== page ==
PBS Emmy award-winning series “Artbound” and it’s co-producer Dr. Daniel E. Walker hosted a special screening at Baldwin Hills Cinemark Theater August 5, 2019, followed by a panel of the 10th episode titled, “How Sweet The Sound: Gospel in Los Angeles.”
The episode explored the conditions of Los Angeles in the 1960s and 1970s and how gospel music helped bring people together, socially, economically, and politically. According to the documentary, the west coast revamped the sound of gospel music with the arrival of James Cleveland, a pioneer in the advancement of the gospel genre.
Beginning in 1965 with the Watts Rebellion, one of the darkest times in the history of L.A., but also a turning point for Blacks as they found strength in coming together through community empowerment. The community used the church, and it’s music to organize and unite against those who oppressed them, ultimately leading to the election of Tom Bradley, Los Angeles’s first Black mayor.
The story also digs into James Cleveland and his impact on the time frame. He along with Aretha Franklin recording the most successful, and highly ranked gospel album of all time with “Amazing Grace.” The experience, so powerful to the movement and the gospel community still stands as a major point in history as the album was recorded live in a church in South Central.
Cleveland’s influence traveled worldwide as gospel grew. He welcomed the golden age of gospel, bringing the music to radio, recording albums with big choirs and elevating the sound and meaning of the music. His work, noticed by many was the most influential, turned churches into Black cultural hubs and safe social spaces.
The inspiring documentary touched viewers and excited others. Following the viewing, a panel moderated by Dr. Walker was held which featured Christopher West, PH.D., Calvin Bernard Rhone, Dr. W. Edward Jenkins, Jacqueline Cogdell Djedje PH.D., Donald Webber, and Annette May Thomas, all of whom were featured within the film.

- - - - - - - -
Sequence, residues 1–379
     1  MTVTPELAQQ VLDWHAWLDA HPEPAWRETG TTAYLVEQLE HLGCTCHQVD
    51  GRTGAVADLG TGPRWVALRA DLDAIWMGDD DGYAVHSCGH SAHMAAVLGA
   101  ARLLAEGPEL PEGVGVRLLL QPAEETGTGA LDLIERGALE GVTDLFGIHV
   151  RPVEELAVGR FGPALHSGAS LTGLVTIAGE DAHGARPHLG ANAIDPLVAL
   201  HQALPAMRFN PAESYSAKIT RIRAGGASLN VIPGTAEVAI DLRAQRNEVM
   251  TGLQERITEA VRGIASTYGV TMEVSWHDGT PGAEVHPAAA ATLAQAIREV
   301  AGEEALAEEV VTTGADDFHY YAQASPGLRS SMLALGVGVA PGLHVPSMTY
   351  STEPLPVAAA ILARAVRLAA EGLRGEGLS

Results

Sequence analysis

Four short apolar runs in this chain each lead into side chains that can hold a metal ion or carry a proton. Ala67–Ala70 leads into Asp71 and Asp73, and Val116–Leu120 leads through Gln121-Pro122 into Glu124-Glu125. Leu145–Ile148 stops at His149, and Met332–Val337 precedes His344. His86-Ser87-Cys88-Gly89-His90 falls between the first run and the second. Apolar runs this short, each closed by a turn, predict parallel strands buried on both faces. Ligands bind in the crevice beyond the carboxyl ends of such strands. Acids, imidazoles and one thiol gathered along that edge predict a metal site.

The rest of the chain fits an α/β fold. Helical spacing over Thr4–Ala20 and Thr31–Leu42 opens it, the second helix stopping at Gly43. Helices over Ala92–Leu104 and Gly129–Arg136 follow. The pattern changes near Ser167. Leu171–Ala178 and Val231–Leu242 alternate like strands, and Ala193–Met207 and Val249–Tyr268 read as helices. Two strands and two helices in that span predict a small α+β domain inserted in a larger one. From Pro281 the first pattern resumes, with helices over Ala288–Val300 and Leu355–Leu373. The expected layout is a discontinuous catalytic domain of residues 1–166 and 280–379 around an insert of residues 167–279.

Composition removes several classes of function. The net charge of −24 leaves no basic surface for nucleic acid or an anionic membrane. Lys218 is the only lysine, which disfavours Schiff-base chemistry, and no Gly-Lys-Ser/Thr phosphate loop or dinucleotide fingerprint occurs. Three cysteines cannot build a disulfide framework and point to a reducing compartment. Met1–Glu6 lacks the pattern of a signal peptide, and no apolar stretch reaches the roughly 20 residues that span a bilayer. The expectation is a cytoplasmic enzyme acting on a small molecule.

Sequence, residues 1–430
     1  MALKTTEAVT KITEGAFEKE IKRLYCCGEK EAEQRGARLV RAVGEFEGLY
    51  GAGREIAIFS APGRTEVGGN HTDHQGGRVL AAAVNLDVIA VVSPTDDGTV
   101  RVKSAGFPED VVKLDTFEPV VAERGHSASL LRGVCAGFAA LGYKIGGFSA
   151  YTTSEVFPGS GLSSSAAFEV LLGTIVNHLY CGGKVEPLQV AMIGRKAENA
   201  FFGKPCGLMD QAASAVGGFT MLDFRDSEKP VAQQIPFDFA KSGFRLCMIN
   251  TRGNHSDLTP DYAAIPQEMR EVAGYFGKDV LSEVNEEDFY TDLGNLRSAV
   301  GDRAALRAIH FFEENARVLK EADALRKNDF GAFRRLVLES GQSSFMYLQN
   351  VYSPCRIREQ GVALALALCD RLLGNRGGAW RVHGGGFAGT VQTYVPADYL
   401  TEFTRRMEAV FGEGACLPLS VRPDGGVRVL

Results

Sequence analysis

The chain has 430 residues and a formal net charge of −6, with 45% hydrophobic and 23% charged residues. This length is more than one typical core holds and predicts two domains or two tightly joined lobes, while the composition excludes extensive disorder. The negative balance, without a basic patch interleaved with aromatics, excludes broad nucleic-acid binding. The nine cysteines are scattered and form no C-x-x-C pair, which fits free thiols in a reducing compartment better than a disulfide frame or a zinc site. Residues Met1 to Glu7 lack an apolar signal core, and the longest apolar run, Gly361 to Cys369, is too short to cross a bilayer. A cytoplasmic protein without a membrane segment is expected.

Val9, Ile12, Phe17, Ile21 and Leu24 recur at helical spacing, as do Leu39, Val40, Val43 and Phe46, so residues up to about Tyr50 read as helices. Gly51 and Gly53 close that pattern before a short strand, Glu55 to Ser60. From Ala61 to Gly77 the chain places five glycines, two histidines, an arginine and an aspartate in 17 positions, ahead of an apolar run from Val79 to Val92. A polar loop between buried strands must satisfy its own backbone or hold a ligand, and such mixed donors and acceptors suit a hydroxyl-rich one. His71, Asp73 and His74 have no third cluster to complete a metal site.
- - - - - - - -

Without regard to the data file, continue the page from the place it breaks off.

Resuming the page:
The panel shared their stories in the film and highlighted key factors. They welcomed questions from guests, including a 12-year-old aspiring gospel singer and another who wanted to know if the churches and choirs of today could reunite Black citizens today.
One of the more special notes from the panel comes from Jacqueline Cogdell Djedje PH.D., as she spoke on the importance of knowing the history to make an impact today.
“Sankofa, an Asante term that means look back, you have to look back before you know where you are going,” Djedje explains. The word Sankofa describes the purpose of the documentary, the reason behind the event, and the answer to many questions prompted by the audience.
The history of gospel music is still very unknown to many. Dr. Walker along with Wrong Creative and the Heritage Music Foundation created this documentary to keep the history of the gospel alive, in hopes of it never being a forgotten piece of America’s history.
Dr. Walker closes out with an inspiring speech on hard work and dedication to this story stood as a testament to the power Black people have once they unite on a common front. In his closing statement, he says, “it takes us sticking together, believing in a higher power and the commonality we share is greater than the difference.”
To watch “How Sweet The Sound: Gospel in Los Angeles” visit kcet.org/artbound.